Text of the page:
-->I'd like to preface this by saying that I'm not a fan of the band Nine Inch Nails, BUT I'm fascinated by the way their new album is being marketed and I don't know if I would have paid much attention if I hadn't taken this class and gotten this heightened awareness of these things. 42 Entertainment, a creator of "alternate reality games," has designed an entire world around the just-released album, both online and off, that leverages the interest of their avid fans. It reminds me of a more in-depth extension of the "advergames" that Steven Curran spoke to us about back in January as ways to engage consumers in an entertaining and interactive experience. Actually, 42 Entertainment was behind the 'ilovebees' game for Halo 2 that Curran credited as one of the pioneers of the ARG trend in his chapter in Connected Marketing.
This game started about two months ago, when some of these fans started noticing that their NIN concert t-shirts contained highlighted letters that spelled out the phrase "I am trying to believe," which led them to a website of the same name. From that website are many more websites that seem to belong to this alternate world. People have also found USB drives containing audio tracks planted in bathrooms at NIN concerts.
After hearing about this, I was curious to learn more about 42 Entertainment. Their marketing campaign mission statement reads: "As a standalone agency, we drive brand engagement and ROI by immersing consumers in our clients' brands." The company's co-founder, Jordan Weisman, has come up with 5 principles of alternate reality games and I thought that several of them seemed to apply to things we talked about in class this semester.
Weisman recognizes that people 18-35 have become somewhat immune to traditional marketing messages, which is why 42 Entertainment goes the opposite way and hides, or whispers, their messages: "Finding it becomes an act of discovery--something they can feel proud of and are willing to talk about with their friends." Another principle emphasizes the importance of interacting with the "audience," and not limiting the exposure to computer screens but making it more of an immersion by putting clues on things like billboards, fliers, and fax machines--"every medium we could touch," or really offering people a total experience.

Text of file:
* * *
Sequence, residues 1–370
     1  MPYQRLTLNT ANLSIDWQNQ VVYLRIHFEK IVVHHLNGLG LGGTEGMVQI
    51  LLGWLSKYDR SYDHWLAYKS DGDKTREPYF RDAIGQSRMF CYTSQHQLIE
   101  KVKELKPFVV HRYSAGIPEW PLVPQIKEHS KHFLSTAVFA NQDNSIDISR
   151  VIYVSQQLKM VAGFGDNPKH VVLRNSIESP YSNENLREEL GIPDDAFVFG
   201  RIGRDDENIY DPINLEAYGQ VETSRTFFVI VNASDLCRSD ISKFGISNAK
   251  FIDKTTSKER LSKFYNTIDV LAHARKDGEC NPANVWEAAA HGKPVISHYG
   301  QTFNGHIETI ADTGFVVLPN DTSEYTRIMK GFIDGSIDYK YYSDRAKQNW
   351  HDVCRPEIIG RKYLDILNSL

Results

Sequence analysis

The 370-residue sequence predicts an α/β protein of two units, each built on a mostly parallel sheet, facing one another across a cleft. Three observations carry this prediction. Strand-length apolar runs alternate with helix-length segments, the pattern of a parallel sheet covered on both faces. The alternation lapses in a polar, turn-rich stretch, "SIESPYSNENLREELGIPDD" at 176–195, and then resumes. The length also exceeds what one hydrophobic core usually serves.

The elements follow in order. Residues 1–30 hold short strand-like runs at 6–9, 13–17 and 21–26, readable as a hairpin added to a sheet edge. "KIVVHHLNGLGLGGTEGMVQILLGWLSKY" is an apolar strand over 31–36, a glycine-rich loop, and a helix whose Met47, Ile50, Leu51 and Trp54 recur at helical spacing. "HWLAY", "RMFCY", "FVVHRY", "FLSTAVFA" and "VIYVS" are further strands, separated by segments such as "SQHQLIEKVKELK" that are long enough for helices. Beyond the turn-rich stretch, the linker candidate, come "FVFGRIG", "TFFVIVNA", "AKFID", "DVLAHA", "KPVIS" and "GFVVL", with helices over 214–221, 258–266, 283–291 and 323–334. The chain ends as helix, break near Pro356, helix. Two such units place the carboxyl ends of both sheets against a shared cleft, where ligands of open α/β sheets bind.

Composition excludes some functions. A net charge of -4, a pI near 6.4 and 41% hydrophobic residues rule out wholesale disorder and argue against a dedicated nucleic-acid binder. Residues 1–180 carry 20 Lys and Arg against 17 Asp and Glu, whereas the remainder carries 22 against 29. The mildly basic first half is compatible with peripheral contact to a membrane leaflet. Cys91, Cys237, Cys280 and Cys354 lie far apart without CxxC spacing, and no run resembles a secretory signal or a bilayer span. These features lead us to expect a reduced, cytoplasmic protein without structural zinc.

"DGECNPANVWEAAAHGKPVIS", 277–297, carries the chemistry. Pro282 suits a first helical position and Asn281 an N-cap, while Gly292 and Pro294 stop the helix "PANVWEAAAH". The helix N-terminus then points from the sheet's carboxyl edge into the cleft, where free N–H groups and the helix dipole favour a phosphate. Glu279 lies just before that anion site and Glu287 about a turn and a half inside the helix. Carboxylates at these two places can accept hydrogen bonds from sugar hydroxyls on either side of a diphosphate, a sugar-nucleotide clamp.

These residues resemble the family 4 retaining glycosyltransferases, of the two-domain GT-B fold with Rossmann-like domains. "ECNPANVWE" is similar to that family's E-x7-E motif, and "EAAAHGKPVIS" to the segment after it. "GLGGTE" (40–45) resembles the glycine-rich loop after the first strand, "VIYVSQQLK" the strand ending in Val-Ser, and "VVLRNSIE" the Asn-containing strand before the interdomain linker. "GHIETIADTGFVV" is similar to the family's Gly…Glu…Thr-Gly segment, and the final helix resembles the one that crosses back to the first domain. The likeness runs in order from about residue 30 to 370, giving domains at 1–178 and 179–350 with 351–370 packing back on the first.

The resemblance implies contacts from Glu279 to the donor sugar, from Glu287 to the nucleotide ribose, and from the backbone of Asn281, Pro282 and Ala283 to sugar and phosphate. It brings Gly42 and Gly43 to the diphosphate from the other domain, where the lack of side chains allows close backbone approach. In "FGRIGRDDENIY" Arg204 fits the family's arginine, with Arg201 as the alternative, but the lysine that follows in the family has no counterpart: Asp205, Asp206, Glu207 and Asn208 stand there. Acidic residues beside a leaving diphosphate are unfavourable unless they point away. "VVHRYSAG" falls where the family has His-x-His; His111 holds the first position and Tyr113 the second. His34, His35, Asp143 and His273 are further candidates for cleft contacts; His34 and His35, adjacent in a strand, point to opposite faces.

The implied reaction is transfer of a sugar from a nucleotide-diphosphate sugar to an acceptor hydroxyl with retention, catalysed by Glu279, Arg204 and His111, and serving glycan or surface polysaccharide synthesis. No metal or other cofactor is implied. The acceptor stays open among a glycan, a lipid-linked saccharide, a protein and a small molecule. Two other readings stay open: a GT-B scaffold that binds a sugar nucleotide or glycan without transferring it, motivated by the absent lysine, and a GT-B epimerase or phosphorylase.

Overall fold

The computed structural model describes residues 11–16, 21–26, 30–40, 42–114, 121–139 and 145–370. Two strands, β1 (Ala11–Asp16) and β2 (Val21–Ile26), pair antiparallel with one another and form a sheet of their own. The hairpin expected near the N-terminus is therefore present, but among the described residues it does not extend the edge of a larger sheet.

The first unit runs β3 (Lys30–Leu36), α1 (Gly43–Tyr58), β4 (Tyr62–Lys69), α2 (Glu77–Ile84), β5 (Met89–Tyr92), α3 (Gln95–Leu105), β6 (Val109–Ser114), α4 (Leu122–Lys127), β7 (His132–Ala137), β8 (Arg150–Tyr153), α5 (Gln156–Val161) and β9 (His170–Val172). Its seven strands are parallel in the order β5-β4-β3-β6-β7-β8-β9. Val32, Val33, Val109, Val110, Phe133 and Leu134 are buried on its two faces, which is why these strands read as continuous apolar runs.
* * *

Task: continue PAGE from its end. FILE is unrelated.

While this kind of marketing still seems highly specialized and probably wouldn't translate across all product categories, 42 Entertainment really seems to understand who their audience is and the best ways to reach out to them by making them feel connected and involved. The principle that I found most relevant is that 42 Entertainment strives to give the audience "a common emotionally charged history or mission" so that they "seek each other out and form into a cooperative to investigate and expose the story." The full text from this article can be found here. Also, at least as far as the Nine Inch Nails creation (I can't speak about any others for certain), they're advocating transparency--it's like they're using all the best elements of stealth marketing, but are open about it, and it's not appearing to hurt them at all.
Tags: WOM word of mouth Word-of-Mouth Marketing buzz marketing viral marketing marketing communication Northeastern University